Upside down river reflection of the Boston Skyline

The sun set as we walked back and we took it easy in the evening, taking our time over a swim in the pool then out for a long meal (I had a BLT pizza) and drinks.

The next day was the day we flew home but we had it planned so we could make the most of the day.

1st up we checked out then left our luggage with the water taxi company we were going to be travelling with to the airport later in the day.

Next we hopped across town, having a look around as we went.

Downtown Boston

Burns statue in Boston

We called into a few shops for the few remaining gifts we wanted to get for folks back home, a café for lunch, and made our way on the subway out to a place called Stony Brook which has a real old town US feel to it provided by the fun ye olde period looking houses.

Stony Brook, Boston

Located there is the Samuel Adams brewery who do free tours though a small donation of a couple of dollars to local charities is asked for on the tour itself. Our tour guide was great, I can only describe it as like being taken on a brewery tour by Boston's version of Al Murray - which was brilliant fun - give this dude a pay-rise.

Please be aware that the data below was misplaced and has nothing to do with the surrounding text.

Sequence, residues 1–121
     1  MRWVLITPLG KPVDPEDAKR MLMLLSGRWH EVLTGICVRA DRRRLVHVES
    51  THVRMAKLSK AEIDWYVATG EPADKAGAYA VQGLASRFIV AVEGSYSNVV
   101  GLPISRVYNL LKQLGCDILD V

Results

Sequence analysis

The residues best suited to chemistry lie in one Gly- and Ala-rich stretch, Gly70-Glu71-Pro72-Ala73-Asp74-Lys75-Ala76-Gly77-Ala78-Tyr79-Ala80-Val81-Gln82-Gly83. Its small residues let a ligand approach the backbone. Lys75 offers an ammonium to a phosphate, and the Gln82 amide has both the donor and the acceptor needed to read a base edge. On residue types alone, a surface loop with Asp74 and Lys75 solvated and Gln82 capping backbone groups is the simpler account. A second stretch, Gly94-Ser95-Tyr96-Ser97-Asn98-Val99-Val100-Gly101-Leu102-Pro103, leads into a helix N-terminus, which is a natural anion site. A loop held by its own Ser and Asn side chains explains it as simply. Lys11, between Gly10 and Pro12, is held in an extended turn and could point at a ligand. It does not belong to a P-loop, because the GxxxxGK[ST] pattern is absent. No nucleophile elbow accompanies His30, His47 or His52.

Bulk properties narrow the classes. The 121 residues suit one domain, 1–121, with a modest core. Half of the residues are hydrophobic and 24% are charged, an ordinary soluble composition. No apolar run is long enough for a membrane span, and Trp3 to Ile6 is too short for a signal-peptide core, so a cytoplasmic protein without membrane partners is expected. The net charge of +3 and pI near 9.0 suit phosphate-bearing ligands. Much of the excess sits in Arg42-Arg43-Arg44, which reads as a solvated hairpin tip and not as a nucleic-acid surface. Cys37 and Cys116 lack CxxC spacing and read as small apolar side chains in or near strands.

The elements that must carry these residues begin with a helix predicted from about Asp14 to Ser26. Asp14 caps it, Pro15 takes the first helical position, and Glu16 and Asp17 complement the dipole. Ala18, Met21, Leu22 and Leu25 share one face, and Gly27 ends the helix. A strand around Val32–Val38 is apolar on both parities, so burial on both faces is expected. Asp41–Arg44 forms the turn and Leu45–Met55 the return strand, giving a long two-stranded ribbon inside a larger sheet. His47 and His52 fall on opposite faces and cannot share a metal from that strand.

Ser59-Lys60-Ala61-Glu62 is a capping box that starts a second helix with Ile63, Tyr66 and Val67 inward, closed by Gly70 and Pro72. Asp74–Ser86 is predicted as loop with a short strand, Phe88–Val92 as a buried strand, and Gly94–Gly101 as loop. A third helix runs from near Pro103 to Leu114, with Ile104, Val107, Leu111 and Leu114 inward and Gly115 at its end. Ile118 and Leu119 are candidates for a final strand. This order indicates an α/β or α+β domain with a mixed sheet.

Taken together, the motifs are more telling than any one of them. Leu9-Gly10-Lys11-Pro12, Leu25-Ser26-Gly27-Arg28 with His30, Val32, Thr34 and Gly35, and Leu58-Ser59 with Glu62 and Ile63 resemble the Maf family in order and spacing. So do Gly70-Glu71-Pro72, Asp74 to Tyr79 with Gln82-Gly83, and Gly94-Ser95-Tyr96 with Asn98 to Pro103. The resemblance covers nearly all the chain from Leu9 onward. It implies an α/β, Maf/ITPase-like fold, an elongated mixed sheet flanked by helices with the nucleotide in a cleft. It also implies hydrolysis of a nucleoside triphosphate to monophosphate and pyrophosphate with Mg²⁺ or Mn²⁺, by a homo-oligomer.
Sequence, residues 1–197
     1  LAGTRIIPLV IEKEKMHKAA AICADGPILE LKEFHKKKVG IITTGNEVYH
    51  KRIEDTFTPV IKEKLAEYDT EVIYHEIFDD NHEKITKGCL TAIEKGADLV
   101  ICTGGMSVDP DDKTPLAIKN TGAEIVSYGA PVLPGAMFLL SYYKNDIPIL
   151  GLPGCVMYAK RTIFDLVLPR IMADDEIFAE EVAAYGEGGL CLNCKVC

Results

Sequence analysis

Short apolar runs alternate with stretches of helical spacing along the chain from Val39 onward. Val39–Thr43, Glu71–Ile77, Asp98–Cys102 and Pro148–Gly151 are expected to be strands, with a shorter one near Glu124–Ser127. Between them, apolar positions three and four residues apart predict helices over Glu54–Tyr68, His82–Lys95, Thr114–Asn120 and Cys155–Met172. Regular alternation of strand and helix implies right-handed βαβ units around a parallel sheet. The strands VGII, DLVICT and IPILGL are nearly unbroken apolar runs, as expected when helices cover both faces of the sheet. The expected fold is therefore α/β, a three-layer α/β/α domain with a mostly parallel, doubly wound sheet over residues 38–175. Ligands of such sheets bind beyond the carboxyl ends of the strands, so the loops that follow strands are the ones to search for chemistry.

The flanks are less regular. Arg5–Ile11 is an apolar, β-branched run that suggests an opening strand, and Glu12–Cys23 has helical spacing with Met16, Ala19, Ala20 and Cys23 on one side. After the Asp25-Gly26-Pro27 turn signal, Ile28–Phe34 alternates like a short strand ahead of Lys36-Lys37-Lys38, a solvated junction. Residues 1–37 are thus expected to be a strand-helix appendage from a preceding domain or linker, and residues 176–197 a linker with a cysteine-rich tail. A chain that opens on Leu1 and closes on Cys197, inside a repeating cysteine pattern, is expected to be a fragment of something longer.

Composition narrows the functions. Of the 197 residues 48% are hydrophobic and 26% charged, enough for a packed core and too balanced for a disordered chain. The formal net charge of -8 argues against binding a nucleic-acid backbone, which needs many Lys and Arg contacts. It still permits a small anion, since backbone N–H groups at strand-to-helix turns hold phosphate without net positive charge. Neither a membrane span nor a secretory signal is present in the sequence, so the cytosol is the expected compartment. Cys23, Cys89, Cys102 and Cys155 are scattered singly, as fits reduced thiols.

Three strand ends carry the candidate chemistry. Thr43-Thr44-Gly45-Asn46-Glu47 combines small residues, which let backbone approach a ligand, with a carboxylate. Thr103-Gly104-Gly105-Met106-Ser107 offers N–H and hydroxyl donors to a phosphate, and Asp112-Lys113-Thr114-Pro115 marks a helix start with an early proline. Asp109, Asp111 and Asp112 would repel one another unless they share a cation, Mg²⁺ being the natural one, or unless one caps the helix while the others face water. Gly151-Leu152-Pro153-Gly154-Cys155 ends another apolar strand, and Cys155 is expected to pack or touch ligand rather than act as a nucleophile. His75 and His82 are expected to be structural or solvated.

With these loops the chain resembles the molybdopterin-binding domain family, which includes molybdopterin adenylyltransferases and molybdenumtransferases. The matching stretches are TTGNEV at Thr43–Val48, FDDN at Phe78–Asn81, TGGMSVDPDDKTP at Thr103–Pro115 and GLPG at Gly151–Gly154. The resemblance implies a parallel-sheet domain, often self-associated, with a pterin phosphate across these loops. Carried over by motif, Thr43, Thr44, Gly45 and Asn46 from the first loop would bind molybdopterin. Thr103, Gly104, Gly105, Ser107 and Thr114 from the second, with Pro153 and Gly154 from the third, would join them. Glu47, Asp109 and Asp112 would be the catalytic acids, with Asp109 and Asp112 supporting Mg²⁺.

Samuel Adams Brewery Tour

We got to taste the ingredients and then at the end, plenty of the finished product including some speciality lines. Not only that, they let you keep your Sam Adams taster glass. As well as our glasses we left with a new found appreciation for some of the beer.

Sampling beer at the Sam Adams Brewery

Back on the subway and enjoying the almost tipsy feeling, we got off the subway and took a look around Boston Public Garden, a large park in the middle of the city.

Boston Public Garden Panorama

Once we'd had our scenic fill, we got back on the T to Quincy Market where we'd been the day before.

Inside Quincy Market

Quincy Market's Dome in Boston

We had something on our bucket list that we hadn't done yet which was on sale there. With just a couple of hours to go before we needed to be at the airport, we had time to try some clam chowder which was very creamy and tasty.

Boston Clam Chowder